Women do urgently need to be included at the peace table and in the halls of government. Women’s engagement is also crucial in far more contexts, including peacekeeping missions, donor roundtables and other postconflict planning processes, rebuilding the security and justice sectors, designing and implementing conflict-related programs that range from community-led prevention to disarmament and reintegration, and all kinds of institutions of postconflict governance, including temporary institutions to implementing peace agreements.

Measuring What Is Lost When Women Are Missing

Only recently have we begun to quantify what is lost when women are excluded from these processes. In general, data have not been widely collected and analyzed on the effects of women’s social and political empowerment globally, although what data we do have show that empowering women is urgently important. But the data gap is especially broad in conflict contexts. Data are missing on such crucial aspects of women’s lives as property ownership rates, levels of participation in local government, economic engagement, types of market access, and maternal mortality. Conflict-triggered population flight and displacement make gathering data still more complicated; some of the women most affected by conflict simply disappear from official view. Surprisingly little is known about what proportion of postconflict spending targets gender equality and women’s empowerment, what proportion of demobilized combatants and people associated with fighting forces are women, what proportion of reparations target women and offer redress for crimes they have suffered, what numbers of women are hired after conflict to deliver public services, or what numbers of women are involved in peace negotiations and postconflict planning.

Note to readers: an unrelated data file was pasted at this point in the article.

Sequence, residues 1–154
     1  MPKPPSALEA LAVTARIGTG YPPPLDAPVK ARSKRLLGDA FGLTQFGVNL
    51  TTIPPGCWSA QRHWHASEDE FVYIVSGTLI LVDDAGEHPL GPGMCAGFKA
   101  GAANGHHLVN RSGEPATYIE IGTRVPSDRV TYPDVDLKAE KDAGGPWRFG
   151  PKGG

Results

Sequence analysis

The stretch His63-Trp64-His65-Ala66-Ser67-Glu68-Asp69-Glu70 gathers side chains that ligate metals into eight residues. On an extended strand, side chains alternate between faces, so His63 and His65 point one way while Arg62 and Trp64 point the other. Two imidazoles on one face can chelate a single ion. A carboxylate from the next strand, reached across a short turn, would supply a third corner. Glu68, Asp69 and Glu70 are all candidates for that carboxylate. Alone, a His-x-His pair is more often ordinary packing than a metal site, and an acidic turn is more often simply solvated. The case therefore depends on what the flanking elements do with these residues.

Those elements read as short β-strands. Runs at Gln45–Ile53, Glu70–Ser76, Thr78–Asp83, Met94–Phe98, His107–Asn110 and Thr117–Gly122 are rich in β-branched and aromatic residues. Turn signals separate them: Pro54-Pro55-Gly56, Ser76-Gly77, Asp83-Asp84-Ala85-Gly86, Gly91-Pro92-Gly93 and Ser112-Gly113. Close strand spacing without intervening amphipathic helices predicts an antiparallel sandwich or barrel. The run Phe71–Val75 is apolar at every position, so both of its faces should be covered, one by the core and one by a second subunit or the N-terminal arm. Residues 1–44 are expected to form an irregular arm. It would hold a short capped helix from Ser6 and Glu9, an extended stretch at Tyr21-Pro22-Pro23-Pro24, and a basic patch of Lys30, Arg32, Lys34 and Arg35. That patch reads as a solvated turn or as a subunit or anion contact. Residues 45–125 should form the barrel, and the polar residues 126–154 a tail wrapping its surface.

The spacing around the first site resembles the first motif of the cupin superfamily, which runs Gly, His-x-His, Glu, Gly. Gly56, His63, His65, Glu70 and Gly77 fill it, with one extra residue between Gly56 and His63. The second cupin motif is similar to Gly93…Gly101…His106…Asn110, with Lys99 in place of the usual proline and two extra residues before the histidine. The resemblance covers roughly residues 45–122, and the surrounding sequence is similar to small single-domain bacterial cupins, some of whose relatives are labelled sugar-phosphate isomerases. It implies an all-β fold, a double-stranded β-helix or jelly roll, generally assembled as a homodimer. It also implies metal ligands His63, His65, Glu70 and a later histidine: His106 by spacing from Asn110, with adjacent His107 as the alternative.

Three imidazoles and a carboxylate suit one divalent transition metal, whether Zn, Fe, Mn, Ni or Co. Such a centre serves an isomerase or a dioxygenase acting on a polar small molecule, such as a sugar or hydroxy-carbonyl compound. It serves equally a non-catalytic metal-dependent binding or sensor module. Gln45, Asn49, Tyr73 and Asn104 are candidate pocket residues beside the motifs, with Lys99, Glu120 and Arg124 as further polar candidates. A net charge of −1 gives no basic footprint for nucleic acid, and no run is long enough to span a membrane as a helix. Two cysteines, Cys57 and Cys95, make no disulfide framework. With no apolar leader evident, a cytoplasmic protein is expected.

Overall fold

That is why UN Women sampled 31 major peace processes between 1992 and 2011 and analyzed them for gender participation. We found that women made up only 4 percent of signatories, 2.4 percent of chief mediators, 3.7 percent of witnesses to peace agreement signings, and 9 percent of negotiators. These figures indicate that women are markedly underrepresented at the peace table, far more than they are in other public decisionmaking professions and positions where the gap has been steadily narrowing—including in those that typically dominate peace talks, such as politicians, lawyers, diplomats, and members of armed groups.5 Nor are the numbers of women involved in peace processes improving. In 2011, only 4 of 14 UN-supported mediation processes included any women as members of the negotiating parties.6 In the first half of 2012, women’s civil society representatives had participated in only one-third of donor conferences. No female leaders of nongovernmental organizations—none—participated in any of the eight meetings held in 2011 and 2012 by Contact Groups, comprised of countries that support or sponsor a particular crisis or peace process.7